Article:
In early March, The University of Tulsa played host for the first time to the Oklahoma Archaeology Conference. The gathering took place at Gilcrease Museum and the Helmerich Center for American Research. Danielle Macdonald, assistant professor of anthropology, organized the conference with help from student Zachary Qualls (MA ‘17). “In addition to the stellar content that the presenters and panelist produced, the conference was extra special since it was held at Gilcrease Museum against the beautiful backdrop of the Osage Hills,” Qualls said.
Over 150 people attended, including faculty and students from TU, the University of Oklahoma, Oklahoma State University and other regional universities. Other participants included archaeologists from Tribal Nations and professional, government and advocational archaeologists. The conference was an opportunity to share research and ideas as well as to strengthen the Oklahoma archaeology community. In addition to traditional conference papers, there was a wide range of workshops, including a traditional Caddo pottery firing, a behind-the-scenes tour of the Gilcrease collections and a tour of the Greenwood District.
The TU students who attended had the chance to learn about cutting–edge archaeological research, network with professional archaeologists and present their own investigations. Of those students who presented, Audra Whitehurse and Michaela Conway took home first place and second place respectively in the student poster competition. “Their accomplishments were a huge honor and very exciting for all of us,” Macdonald said.
Whitehurse is working toward her master of arts in anthropology, and her research focuses on personal ornamentation during the Epipalaeolithic period. She is particularly interested in several Mediterranean and Levantine sites. Her thesis, however, will center on shell beads from Kharaneh IV and how personal ornaments related to social status and organization as well as intangible forms of communication. “The conference was such a unique and wonderful opportunity. We had so many people register on site that we ran out of extra name tags,” Whitehurse said.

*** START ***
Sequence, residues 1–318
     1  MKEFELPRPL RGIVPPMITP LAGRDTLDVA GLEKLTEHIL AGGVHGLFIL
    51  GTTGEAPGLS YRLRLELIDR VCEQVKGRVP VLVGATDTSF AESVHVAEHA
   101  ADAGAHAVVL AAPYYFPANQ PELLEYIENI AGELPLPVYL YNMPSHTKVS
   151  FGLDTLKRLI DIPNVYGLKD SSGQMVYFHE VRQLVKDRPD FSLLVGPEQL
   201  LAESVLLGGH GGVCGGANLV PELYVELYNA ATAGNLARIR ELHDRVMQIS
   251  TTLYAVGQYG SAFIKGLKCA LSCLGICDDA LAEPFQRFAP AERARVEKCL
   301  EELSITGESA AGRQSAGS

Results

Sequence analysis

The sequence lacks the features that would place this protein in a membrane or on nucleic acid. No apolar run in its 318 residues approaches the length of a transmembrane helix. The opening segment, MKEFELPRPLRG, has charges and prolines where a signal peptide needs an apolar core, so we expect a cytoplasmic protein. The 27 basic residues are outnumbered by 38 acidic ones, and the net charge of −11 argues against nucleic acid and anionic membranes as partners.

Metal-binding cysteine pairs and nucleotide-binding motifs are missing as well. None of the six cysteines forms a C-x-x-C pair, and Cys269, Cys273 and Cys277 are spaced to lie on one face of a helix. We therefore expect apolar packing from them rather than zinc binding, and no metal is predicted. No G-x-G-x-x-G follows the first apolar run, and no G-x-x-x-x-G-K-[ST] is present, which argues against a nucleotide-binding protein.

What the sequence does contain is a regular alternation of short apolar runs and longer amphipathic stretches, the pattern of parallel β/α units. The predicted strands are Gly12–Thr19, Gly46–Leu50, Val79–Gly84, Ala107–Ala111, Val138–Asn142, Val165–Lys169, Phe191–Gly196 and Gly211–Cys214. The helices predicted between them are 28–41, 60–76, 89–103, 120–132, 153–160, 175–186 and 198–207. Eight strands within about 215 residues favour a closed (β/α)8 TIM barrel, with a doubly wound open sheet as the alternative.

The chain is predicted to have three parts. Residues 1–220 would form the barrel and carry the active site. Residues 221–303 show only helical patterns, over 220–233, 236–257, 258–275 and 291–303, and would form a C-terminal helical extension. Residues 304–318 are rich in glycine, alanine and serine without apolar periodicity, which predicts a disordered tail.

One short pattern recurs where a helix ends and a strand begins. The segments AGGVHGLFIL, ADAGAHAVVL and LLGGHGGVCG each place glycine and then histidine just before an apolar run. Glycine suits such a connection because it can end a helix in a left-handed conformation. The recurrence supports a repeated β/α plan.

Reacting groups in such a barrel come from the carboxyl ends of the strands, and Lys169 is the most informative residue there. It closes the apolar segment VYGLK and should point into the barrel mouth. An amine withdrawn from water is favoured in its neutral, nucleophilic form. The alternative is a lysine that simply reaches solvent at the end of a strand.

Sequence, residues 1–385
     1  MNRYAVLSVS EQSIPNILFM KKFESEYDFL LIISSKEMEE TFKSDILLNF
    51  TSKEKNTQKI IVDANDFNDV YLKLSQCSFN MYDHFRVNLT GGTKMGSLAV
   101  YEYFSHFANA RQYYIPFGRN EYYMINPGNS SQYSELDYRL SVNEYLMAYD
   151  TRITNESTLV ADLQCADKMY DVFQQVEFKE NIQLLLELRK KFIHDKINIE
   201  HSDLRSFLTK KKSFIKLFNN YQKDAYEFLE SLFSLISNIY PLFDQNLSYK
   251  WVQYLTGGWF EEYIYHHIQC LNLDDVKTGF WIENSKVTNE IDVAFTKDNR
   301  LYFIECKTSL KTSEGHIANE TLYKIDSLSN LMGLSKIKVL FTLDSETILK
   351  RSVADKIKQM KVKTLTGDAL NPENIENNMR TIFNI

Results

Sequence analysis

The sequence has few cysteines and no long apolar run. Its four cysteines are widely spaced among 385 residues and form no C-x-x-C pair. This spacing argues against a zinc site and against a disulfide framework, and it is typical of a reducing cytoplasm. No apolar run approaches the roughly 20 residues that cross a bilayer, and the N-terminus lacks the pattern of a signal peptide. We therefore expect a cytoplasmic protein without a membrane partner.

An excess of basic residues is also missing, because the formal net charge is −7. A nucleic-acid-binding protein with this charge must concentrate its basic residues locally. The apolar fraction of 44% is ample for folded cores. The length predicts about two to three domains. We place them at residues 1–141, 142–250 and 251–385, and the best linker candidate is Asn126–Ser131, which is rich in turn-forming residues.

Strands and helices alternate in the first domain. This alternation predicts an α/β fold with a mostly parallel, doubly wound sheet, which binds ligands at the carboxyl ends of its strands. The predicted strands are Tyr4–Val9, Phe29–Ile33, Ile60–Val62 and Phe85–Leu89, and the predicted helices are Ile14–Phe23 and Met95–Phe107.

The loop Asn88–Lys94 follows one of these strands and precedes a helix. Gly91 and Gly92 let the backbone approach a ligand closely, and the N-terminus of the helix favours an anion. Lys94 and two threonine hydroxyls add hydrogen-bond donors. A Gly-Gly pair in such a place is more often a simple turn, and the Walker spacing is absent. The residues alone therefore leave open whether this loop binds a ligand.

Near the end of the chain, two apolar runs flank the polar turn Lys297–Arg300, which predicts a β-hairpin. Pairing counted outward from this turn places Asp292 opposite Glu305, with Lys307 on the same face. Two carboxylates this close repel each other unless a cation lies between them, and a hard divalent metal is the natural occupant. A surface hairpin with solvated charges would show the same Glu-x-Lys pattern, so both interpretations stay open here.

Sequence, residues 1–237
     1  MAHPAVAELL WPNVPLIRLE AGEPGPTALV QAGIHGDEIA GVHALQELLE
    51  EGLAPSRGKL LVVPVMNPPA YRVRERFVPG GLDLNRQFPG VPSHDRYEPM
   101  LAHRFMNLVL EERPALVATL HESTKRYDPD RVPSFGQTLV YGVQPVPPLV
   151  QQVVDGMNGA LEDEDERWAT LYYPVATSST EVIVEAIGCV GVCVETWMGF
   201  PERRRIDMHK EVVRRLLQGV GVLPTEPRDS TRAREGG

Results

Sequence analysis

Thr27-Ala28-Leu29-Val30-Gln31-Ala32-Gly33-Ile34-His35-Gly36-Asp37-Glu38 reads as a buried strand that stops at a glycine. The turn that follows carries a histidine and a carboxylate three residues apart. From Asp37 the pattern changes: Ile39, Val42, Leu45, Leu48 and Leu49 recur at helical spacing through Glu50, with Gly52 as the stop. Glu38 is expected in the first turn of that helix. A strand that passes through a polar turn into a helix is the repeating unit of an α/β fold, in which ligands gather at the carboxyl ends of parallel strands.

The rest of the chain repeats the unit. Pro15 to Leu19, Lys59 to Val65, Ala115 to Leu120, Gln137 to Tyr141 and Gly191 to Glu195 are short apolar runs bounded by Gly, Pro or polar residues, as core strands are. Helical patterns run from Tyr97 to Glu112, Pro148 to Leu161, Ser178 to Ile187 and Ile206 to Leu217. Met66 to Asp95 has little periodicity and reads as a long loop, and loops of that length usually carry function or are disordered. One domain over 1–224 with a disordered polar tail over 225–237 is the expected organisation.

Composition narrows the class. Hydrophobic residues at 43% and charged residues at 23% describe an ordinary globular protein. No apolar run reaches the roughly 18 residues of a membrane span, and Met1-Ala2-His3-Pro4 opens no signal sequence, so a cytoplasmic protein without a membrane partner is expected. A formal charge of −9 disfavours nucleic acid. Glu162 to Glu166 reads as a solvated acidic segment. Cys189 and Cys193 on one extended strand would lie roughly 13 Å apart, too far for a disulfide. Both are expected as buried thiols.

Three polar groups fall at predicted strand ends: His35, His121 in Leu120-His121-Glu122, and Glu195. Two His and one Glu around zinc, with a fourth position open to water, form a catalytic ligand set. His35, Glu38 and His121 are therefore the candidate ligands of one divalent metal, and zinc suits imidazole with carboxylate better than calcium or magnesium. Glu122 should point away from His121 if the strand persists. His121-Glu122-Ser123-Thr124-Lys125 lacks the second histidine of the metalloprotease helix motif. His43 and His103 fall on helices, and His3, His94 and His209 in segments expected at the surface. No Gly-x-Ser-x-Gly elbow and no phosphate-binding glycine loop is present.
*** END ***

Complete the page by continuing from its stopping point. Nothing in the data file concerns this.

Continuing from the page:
Conway is a first-year master’s student researching Clovis sites, which are the earliest and best documented remains of late-Pleistocene hunter-gatherers in North America. There is great debate on whether Clovis hunters were dietary specialists or generalists, a topic Conway explores in her studies. “This was my first time presenting at an archaeological conference,” Conway remarked, “and I certainly learned the importance of networking in this discipline.”
The Oklahoma Archaeology Conference is a biennial conference sponsored by the Oklahoma Public Archaeology Network (OKPAN). OKPAN serves as a connection to archaeology in Oklahoma and bridges all the state’s communities with an interest in the past, while promoting education, understanding and outreach. “In addition to thanking OKPAN for sponsoring the 2020 conference, we are also grateful to the Tribal Nations for their support,” Macdonald said.